Punta Arenas (loosely translated as Sands Point) is the largest city in Southern Patagonia and is described as a spiralling metropolis, although it didn’t actually seem that large when approaching it. My bus ride from Ushuaia took 12 hours including a stop at Rio Grande for Argentinian customs. We stopped again at the Chilean customs before crossing the Magallenes Strait from Isla Grande to the South American mainland by ferry.
Collage of Punta Arenas care of Wikipedia
My primary reason for coming to Punta Arenas was as a stop off on the way to Puerto Natales, as there was not direct bus route. While I was only there for two days and only got to see a small amount of the city, it felt like a typical western city except everyone spoke in spanish. Thankfully english speakers are more common in Chile than in Argentina.
My hostel – Hospedaje Costanera – was near the city centre and once I’d settled in, I walked the eight blocks back into the centre. The city wasn’t a mad rush like Buenos Aires and was easy to get around.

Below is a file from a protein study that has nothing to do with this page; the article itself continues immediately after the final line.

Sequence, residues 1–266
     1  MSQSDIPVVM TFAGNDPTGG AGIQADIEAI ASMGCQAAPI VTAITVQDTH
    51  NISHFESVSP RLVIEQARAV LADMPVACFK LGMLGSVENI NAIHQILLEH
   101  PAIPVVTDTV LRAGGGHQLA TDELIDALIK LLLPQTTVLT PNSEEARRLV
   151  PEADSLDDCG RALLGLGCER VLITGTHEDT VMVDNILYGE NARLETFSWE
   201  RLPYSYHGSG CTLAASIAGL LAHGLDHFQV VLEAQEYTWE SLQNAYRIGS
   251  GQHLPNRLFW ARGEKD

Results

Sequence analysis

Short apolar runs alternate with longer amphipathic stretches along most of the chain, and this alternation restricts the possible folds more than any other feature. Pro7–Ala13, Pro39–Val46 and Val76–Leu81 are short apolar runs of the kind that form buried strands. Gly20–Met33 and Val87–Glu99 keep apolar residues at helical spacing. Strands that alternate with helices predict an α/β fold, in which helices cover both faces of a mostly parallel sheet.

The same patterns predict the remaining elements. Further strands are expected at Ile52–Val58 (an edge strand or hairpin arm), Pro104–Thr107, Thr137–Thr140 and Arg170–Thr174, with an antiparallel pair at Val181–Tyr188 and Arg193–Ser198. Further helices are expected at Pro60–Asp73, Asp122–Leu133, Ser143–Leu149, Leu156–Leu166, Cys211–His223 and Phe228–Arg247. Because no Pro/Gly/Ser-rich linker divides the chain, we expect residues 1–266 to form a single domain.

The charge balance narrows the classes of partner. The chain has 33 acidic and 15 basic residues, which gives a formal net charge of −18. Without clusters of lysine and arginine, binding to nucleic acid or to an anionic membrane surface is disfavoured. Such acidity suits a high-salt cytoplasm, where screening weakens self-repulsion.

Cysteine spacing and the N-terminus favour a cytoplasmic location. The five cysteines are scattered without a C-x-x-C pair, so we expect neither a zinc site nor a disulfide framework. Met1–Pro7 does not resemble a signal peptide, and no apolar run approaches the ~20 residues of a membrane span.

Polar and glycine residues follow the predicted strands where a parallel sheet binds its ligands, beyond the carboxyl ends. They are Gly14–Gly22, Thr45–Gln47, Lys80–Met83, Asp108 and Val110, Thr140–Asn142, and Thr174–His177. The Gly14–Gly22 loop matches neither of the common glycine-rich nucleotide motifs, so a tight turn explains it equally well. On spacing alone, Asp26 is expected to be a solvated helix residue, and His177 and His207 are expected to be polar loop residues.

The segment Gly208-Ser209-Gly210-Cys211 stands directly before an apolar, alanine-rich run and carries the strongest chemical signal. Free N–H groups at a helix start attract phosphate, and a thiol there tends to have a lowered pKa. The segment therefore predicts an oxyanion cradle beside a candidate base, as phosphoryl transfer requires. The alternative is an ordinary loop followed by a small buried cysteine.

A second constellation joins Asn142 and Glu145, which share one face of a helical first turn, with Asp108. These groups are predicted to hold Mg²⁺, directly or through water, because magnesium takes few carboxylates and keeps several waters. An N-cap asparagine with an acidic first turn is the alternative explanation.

The collectivo system in Punta Arenas – and Chile in general – is something different. While there are traditional taxis and the occasional bus, collectivos are level between. Occasionally they are mini-vans, but usually just normal cars that travel a set route, back and forth. All you do is stand on its route, wave it down and if there’s room they’ll stop. Then, jump in with whoever is already in the car, pay 450 Chilean pesos (about 90 AU cents) and off you go. When close to where you want to go, yell and they’ll stop. It’s knowing where the routes go is the difficult thing.
The city is also in the tax-free zone of Patagonia and has a vast tax-free shopping centre – Zona Franca. I went to check it out and it was the size of a large mall. It contained many electronics stores, all with cheaper prices that Ushuaia, but still more expensive than Australia. It was interesting to walk around but I didn’t buy anything, although I was tempted by some SLR cameras.
Punta Arenas has some touristy things to do as well, access to penguin colonies and glaciers, but having only just returned from Antarctica this week I’d seen plenty, so I saved my money. Some of these sights are:
- Cape Froward, the southernmost tip of mainland South America
- Isla Magdalena and it’s penguin colonies
- Alberto de Agostini National Park, a land of mountains, lakes and glaciers
- Los Pingüinos Natural Monument, another penguin colony
On the morning of my departure I simply went to the bus station, booked a bus and within a couple of hours was on my way to north Puerto Natales.
The Lone Trail Wanderer